Size is deifnitely an issue when it comes to recognition for me, and I have been subjected to supermarket standardisation over a long period of time. It makes finding a small ridged cucumber in a bunch of courgettes quite a challenge, especially if the cook is expecting to put something vaguely meal-like on the table in a short period of time.
How do I tell the difference between grapefruit or an orange if either can be somewhere betwen huge and tiny, and both can have very similar skin colour and texture?
I have never had to make these decisions before. Either we grew something, so unless something went terribly awry, the name on the seed packet was a big clue, or we bought it..and it came with a label stuck on the packaging.
This week, I was very impressed with the Martin brothers film HypoHeretic which has been linked to on many Machninifeed blogs
I do not know the history, or the background and yet this film both puzzled me, and made me laugh in delight.
The mix between second life and iclone was so well managed that I was unable to distinguish what was made with each engine, and had to resort to reading the blurb to find out.
This strikes me as a great example of Anymation at work, though I would have to speak to the creators to discover if they favour that terminology. The mix was wonderfully unexpected in any case.
I'm glad I didn't know, when I started making machinima, just how much focus it would take to progress. How many engines, tools I would need to learn, how many dead ends there would be.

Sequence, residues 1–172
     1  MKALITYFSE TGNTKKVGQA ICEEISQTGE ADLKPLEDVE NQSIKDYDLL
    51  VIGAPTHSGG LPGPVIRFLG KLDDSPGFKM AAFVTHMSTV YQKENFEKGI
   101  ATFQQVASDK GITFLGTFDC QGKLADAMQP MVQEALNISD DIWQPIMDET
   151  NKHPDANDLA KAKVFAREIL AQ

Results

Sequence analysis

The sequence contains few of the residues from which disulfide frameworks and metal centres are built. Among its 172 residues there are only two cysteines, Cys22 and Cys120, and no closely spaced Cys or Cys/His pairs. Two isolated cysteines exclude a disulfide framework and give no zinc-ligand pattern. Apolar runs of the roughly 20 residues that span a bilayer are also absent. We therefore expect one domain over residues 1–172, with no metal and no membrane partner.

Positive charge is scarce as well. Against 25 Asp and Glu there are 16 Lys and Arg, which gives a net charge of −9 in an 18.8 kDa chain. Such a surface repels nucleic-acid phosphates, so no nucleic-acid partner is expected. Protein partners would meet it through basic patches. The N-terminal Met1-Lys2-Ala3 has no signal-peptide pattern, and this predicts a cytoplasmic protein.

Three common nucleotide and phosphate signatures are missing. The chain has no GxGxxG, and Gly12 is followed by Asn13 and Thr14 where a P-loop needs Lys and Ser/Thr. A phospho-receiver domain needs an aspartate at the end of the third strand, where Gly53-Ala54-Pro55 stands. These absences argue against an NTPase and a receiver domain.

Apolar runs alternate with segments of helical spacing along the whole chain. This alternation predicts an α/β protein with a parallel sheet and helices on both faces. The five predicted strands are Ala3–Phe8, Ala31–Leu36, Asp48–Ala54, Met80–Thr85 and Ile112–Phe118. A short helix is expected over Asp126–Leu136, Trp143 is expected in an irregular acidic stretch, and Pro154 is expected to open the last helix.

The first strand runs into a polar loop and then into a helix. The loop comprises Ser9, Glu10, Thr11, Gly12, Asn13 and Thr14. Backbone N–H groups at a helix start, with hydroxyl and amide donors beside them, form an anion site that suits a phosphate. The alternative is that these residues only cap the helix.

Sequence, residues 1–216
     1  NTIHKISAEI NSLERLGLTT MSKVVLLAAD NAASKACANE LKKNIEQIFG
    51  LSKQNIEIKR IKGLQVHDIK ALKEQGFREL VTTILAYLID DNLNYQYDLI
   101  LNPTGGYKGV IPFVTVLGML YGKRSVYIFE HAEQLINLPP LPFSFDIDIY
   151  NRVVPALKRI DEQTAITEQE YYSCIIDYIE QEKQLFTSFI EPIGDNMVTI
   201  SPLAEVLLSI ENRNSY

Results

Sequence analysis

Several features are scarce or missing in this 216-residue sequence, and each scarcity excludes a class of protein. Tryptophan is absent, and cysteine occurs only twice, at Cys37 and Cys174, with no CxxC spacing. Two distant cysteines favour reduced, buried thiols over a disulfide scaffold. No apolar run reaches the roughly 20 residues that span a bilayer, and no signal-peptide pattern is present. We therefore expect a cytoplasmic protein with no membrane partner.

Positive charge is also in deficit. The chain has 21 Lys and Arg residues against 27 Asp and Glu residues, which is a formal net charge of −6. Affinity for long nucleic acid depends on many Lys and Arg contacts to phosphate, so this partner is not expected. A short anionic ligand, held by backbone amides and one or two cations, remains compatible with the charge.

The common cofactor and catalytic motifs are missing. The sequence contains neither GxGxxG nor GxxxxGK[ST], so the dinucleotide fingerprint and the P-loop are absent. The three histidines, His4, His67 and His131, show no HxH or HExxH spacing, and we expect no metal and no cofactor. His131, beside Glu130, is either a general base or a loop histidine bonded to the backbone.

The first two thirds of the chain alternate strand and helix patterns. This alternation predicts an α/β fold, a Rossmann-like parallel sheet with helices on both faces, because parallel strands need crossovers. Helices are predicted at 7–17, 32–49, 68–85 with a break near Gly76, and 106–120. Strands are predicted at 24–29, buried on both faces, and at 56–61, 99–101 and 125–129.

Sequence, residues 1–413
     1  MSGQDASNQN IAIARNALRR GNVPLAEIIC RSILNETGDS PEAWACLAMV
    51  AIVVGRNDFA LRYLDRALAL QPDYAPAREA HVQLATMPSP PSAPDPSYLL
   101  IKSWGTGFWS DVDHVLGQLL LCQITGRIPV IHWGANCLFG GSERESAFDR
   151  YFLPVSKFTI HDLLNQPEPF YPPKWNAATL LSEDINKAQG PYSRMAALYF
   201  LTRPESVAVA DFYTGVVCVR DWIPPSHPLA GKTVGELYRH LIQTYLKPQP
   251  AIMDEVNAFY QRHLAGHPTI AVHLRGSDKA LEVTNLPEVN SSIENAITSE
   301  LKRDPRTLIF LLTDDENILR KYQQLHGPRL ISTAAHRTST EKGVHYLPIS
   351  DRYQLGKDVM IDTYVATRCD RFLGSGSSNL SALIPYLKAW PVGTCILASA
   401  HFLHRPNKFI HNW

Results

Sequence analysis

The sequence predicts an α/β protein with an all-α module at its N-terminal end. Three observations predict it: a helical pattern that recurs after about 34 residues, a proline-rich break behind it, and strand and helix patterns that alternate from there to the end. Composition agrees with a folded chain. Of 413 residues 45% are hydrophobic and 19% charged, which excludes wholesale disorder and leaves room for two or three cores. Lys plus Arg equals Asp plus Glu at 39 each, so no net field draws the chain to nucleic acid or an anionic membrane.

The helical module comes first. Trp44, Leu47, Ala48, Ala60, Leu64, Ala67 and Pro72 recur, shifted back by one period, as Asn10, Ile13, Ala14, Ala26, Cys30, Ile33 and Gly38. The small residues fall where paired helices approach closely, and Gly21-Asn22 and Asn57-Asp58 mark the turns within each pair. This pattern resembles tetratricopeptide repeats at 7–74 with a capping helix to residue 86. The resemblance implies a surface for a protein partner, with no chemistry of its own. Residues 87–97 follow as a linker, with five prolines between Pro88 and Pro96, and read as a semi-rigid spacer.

I am reminded of Alice's conversation with the red queen, after she had run as fast as she could, and discovered she had not moved an inch
`Well, in OUR country,' said Alice, still panting a little, `you'd generally get to somewhere else -- if you ran very fast for a long time, as we've been doing.'
`A slow sort of country!' said the Queen. `Now, HERE, you see, it takes all the running YOU can do, to keep in the same place. If you want to get somewhere else, you must run at least twice as fast as that!'
In machinima of course, like on the moving walkways in an airport terminal, everyone is moving along right at the same time.
This can lead to a queasy kind of stationary sea-sickness, of rush, and speed and movement and yet the mile posts seem to stay stubbornly in the same place.
Recently I've been rewatching classic musicals that I have seen at previous points in my life..West Side Story being the most recent. I am becoming aware just how much I study sets rather than action. I love the music, the colour, the dancing but my eyes are usually on the background and the costumes.
This tendency reaches towards the ridiculous when watching sport on tv. My eyes slide past the movement, to the setting. I get bored with football because the background never seems to change. After noticing which way the mower cut the grass, and unless there is any unexpected weather, nothing happens for ninety minutes.
I spend tennis matches wondering about the stand carpentry. Swimming races are a little more interesting because of the ripples and reflections on the water.
I guess it's quite possible I am missing some vital signs of progress, I do seem focus on odd things :)